Recently, more than a dozen pipe bombs were delivered across the country to prominent public figures at their homes and workplaces. Although none went to judges, there is always a risk to you, your loved ones, and staff from the devious and the disgruntled due to the nature of your position.
12 warning signs of a potentially dangerous parcel
- Excessive postage
- Handwritten or poorly typed addresses
- Misspellings of common words/names
- Inappropriate or unusual labeling
- Not addressed to a specific person
- Discoloration, odor or oily stains
- No return address
- Addressed “Personal,” “Confidential” or “Do Not X-Ray”
- Postmark from a city or state that does not match the return address
- The appearance of a powdery substance detected on or through the package
- Excessive packaging material such as masking tape, string, etc.
- Ticking sounds, protruding wires, or aluminum foil.
If you encounter a package like this:
- Do not touch it. Back away.
- Notify family and/or staff.
- Call security/police immediately
- Isolate it as soon as you can, and activate your emergency plan.
A brief history of judicial attacks by delivery
Bomb technicians today are still trained on the December 1989 mail-bomb assassination of Judge Robert S. Vance, U.S. Court of Appeals for the 11th Circuit.
Vance’s assassin, Walter Leroy Moody, disguised the return address as someone he would have known, thereby creating a premise of familiarity, a gift. When he opened the package in his kitchen, a bomb detonated, killing him instantly and severely injuring his wife. Moody would later be convicted for this murder and three other bombs he mailed to prominent people. He was executed in April 2018 for his crimes.
It was only a few years ago that I responded to an emergency call from one of my judges – whom I will call Judge Smith for privacy purposes – that an unexpected and suspicious package (later determined not to be a bomb) was on the doorstep of his residence. After bomb technicians rendered the scene safe, one said to me, “It’s a shame Judge Vance didn’t take the same precautions as this judge.”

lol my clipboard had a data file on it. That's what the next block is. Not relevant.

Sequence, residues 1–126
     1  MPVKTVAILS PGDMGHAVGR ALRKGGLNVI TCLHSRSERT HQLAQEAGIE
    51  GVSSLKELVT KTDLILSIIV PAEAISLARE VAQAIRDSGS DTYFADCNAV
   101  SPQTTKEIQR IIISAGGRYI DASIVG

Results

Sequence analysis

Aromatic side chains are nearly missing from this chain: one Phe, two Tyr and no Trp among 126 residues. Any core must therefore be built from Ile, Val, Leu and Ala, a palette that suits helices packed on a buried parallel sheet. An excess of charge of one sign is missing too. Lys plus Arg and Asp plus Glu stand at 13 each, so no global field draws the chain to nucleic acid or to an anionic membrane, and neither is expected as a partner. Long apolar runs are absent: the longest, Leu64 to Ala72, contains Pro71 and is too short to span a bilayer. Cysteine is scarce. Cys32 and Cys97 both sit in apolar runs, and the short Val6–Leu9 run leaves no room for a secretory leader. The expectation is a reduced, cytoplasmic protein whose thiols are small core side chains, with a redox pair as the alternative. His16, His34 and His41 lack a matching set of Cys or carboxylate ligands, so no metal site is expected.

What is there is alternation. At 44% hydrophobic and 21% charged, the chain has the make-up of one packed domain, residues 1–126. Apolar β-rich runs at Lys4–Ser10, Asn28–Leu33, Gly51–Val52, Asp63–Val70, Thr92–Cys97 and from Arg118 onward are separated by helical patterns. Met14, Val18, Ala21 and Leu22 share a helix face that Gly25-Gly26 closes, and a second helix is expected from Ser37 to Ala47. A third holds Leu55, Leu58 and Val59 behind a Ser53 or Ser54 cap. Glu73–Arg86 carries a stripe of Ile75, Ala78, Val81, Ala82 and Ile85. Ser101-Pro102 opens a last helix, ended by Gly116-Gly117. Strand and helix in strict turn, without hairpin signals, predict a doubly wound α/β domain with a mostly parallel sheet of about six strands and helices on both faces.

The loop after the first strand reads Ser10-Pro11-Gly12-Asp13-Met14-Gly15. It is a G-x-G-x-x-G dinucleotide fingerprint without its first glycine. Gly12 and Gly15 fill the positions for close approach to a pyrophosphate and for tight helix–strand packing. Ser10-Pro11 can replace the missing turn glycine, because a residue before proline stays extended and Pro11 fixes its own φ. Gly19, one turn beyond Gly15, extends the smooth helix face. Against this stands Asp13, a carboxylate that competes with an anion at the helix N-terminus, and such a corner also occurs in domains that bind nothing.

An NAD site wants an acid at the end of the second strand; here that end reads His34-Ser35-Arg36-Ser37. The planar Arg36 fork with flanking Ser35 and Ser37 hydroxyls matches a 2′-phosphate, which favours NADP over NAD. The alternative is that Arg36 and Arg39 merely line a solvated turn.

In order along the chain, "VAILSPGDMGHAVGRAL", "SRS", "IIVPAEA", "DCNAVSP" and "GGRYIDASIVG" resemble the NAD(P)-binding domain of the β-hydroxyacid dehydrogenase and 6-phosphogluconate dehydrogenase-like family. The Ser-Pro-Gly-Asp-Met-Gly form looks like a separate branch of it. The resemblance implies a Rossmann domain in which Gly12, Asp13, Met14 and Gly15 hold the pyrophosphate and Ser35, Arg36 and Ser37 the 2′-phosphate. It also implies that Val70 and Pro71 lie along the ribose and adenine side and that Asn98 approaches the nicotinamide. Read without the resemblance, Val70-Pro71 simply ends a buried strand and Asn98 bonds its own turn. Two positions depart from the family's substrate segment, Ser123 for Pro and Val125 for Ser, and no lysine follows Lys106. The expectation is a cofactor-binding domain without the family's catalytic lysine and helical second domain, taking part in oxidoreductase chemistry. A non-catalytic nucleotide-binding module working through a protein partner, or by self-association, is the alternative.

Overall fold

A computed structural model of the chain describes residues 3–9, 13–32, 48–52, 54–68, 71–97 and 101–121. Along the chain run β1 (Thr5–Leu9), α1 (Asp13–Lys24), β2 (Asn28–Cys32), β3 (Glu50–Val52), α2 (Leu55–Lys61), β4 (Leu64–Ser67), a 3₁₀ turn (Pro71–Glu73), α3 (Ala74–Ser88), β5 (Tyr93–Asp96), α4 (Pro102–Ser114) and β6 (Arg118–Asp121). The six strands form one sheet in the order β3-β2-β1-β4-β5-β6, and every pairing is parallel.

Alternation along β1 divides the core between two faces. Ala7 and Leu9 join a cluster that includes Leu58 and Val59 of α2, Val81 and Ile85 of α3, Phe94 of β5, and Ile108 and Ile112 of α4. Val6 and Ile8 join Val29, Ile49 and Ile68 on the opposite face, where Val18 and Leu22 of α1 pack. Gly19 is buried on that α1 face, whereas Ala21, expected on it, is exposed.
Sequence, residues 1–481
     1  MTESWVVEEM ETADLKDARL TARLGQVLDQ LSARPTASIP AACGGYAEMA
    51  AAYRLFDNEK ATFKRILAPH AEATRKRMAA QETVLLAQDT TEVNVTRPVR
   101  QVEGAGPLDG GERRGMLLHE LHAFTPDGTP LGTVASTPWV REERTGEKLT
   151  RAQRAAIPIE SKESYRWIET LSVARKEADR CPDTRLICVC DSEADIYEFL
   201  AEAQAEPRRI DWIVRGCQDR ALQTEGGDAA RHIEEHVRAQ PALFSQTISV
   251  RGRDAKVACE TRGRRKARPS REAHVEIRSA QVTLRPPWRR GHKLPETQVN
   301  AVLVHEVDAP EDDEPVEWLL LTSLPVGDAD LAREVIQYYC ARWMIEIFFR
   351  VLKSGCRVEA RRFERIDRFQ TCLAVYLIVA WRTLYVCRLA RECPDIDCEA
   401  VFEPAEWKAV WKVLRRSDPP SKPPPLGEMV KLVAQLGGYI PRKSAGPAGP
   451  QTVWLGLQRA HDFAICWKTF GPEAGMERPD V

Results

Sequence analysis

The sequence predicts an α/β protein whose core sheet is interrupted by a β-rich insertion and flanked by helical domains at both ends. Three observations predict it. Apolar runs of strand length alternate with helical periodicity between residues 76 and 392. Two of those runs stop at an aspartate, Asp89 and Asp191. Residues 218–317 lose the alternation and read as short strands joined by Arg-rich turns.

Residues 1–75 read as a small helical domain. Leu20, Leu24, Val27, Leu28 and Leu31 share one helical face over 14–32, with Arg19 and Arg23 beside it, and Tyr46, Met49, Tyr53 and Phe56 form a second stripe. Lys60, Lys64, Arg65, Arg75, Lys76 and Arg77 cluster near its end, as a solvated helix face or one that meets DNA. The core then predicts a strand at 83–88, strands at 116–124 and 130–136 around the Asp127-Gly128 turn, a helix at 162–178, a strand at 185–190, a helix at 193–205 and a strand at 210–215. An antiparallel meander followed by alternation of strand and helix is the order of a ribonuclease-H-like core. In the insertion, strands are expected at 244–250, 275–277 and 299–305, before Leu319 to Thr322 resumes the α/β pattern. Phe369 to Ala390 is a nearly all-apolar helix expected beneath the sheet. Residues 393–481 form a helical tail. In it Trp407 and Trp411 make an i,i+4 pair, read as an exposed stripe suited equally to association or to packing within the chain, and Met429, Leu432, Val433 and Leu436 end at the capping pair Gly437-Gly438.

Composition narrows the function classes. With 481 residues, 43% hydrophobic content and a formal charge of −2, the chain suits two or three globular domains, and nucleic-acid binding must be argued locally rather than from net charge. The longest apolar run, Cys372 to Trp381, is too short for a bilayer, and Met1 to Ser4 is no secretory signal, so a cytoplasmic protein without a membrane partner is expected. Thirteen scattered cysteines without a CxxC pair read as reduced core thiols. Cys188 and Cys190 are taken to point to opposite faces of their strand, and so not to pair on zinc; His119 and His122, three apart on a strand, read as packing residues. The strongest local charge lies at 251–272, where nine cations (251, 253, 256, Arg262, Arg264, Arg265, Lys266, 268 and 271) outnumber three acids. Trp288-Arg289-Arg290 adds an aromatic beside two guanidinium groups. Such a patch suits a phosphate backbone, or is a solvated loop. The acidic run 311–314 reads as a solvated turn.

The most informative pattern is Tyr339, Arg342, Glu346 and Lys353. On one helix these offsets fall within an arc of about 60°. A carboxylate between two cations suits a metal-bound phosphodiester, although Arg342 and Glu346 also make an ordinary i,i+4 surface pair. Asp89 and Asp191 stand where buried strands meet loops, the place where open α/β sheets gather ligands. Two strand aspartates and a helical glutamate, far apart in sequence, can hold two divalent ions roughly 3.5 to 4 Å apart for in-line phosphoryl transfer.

I’ve never forgotten that comment. It was clear to me that Judge Smith learned from Vance’s assassination and had a plan in place.
I had the privilege to interview an NJC alum, Maryland Circuit Court Judge Jack Corderman, about his mail-bomb assassination attempt for a workplace safety video for judges, Project 365: Security Starts with You.
Corderman’s package, coincidentally delivered one week after Vance’s (no connection), was a Christmas present disguised as a sausage and cheese gift box. It, too, was addressed from a personal friend. When he opened his “gift” inside his home, three of four pipe bombs detonated, nearly killing him. He would tell me some 20 years later, with tears in his eyes, “But by the grace of God, I survived.”
My last example is not about a bomb but a box of chocolates.
U.S. District Court Judge Charles Brieant came home from work one day to find his wife passed out from poisoned chocolates. They nearly killed her.
It was near Valentine’s Day, and she assumed the delivered chocolates were from friends, as the card was addressed from them. DNA tests would prove that a former litigant, John Buettner-Janusch, whom the judge had convicted some years earlier, was the Brieants’ would-be assassin. He would send similar boxes to former colleagues, poisoning them also. His motive was vengeance related to his court case.